In its brief, UP, along with NIVA, opposed a Motion to Dismiss and argued that contamination, suspected contamination, and/or the imminent threat of contamination by SARS CoV-2 that result in the suspension of business operations can constitute “physical loss of or damage” under a property insurance policy. Structural alteration of the property is not required for “physical loss of or damage” where the property can no longer serve or is unsafe for its intended purpose.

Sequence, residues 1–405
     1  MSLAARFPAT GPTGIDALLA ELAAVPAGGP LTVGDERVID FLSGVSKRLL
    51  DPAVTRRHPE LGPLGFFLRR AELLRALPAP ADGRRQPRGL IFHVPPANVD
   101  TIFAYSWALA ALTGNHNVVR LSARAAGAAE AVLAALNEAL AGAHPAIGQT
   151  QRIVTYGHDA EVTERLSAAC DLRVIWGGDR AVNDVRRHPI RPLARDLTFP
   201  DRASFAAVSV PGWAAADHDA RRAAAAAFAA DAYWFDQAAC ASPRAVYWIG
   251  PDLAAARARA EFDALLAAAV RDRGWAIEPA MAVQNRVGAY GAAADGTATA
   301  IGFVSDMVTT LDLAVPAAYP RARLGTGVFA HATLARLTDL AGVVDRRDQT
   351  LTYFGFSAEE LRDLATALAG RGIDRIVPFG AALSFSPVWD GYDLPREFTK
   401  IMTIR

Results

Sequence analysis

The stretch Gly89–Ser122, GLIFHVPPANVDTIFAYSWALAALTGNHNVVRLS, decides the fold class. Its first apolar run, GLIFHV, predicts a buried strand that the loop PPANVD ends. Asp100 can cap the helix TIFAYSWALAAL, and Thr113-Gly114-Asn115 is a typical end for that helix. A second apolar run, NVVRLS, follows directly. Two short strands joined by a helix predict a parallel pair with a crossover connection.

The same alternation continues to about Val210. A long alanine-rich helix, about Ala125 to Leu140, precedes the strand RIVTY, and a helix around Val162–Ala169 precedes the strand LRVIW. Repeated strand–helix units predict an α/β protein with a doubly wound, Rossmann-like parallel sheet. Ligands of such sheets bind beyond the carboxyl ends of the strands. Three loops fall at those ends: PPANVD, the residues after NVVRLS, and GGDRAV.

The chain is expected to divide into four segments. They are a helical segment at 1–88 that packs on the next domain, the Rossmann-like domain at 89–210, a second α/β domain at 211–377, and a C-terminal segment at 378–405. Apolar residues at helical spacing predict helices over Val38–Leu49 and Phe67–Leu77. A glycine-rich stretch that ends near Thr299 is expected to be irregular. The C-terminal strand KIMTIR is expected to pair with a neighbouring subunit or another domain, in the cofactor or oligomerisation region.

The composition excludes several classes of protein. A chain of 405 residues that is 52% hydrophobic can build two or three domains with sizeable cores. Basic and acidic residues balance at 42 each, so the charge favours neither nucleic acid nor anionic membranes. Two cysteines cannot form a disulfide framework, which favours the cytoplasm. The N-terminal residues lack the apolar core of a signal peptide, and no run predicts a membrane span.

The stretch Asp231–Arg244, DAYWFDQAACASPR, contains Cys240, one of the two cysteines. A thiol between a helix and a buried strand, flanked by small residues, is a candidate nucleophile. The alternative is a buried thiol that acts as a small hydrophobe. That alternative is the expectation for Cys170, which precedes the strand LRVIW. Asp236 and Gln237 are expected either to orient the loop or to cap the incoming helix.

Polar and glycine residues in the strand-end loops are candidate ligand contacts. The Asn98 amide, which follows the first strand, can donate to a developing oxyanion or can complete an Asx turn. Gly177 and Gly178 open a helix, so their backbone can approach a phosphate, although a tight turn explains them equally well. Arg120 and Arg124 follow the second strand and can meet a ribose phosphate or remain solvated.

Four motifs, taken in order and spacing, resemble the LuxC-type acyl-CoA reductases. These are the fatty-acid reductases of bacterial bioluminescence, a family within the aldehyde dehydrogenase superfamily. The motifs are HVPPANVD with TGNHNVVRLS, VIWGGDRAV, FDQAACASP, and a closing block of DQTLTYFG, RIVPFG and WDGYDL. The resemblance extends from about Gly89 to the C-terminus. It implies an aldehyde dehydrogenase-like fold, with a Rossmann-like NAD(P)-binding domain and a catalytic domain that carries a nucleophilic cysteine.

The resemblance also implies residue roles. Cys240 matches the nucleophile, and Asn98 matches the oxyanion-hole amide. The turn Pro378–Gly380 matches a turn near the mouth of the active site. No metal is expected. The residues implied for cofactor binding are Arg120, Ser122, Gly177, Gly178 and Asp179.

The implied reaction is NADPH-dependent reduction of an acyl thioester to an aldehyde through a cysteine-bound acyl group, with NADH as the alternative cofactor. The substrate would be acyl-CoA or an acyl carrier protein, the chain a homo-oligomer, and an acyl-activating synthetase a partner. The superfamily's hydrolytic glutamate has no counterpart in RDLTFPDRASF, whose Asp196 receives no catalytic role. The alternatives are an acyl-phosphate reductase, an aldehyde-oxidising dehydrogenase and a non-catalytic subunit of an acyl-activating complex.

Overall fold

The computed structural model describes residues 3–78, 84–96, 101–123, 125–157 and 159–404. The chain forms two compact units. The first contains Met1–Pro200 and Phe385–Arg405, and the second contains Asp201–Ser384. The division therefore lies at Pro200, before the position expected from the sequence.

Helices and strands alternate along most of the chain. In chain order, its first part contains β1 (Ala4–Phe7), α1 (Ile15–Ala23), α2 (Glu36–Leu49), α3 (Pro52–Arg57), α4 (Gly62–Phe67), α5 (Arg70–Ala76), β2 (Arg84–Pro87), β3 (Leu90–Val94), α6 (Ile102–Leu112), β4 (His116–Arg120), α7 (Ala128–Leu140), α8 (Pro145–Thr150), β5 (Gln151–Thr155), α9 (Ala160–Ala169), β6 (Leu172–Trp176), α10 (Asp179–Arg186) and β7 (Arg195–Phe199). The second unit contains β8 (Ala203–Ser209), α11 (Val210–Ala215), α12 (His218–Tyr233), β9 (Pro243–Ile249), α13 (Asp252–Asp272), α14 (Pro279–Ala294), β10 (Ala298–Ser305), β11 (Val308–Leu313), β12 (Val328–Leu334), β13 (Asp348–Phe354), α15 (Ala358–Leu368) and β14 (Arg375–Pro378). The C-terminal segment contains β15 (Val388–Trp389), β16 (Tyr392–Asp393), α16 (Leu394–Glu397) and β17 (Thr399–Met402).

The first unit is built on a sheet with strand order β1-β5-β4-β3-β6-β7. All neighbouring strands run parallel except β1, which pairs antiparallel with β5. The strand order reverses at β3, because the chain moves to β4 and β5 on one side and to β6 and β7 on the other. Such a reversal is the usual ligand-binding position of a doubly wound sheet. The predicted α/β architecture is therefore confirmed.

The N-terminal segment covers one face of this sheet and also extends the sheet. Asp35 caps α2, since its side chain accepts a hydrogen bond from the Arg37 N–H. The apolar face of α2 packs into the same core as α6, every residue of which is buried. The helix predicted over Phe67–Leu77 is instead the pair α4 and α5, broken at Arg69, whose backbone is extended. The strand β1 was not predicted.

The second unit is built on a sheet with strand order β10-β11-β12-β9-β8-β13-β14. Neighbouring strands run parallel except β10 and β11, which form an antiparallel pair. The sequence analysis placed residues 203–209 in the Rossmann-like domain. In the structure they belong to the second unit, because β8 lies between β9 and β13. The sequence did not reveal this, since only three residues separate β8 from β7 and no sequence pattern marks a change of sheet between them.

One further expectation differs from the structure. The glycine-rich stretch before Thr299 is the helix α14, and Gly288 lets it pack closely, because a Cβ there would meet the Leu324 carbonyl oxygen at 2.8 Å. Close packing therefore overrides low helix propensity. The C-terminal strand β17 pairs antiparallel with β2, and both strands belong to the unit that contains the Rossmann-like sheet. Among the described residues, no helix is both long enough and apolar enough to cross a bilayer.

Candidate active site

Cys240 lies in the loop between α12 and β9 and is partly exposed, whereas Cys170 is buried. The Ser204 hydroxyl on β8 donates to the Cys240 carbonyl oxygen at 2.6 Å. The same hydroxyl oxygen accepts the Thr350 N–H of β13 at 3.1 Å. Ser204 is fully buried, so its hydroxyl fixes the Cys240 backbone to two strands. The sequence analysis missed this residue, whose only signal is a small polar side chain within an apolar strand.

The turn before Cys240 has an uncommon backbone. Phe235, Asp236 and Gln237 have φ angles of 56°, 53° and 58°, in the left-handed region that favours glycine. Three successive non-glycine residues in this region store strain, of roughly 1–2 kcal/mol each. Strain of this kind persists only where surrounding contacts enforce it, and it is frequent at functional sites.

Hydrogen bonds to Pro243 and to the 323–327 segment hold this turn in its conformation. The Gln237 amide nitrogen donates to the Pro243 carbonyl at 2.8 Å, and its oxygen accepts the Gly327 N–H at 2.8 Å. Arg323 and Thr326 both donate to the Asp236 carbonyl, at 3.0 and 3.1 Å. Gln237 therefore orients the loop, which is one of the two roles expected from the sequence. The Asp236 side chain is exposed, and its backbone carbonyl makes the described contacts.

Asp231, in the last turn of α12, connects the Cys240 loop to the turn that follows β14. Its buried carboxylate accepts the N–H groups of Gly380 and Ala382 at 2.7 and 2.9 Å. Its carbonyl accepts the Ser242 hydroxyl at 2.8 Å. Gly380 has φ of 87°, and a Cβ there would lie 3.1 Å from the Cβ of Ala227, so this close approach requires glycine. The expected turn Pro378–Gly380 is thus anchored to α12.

UP points out that Defendant chose not to define the phrase “direct physical loss of or damage to” in the policy issued to Plaintiff. Oregon law is clear that structural alteration of covered property is not a necessary element of “direct physical loss of or damage,” especially where the insured property is otherwise rendered unusable or unusable for its intended purpose. In addition, UP argues that contamination itself, such as the presence of a noxious or disease causing agent in and around the insured property, can constitute “direct physical loss of or damage to” property, and business interruption coverage may be triggered where contamination of insured property – even if the contamination is merely presumed or imminent – causes a “necessary suspension” (either completely or in part) of the insured business’s “operations.”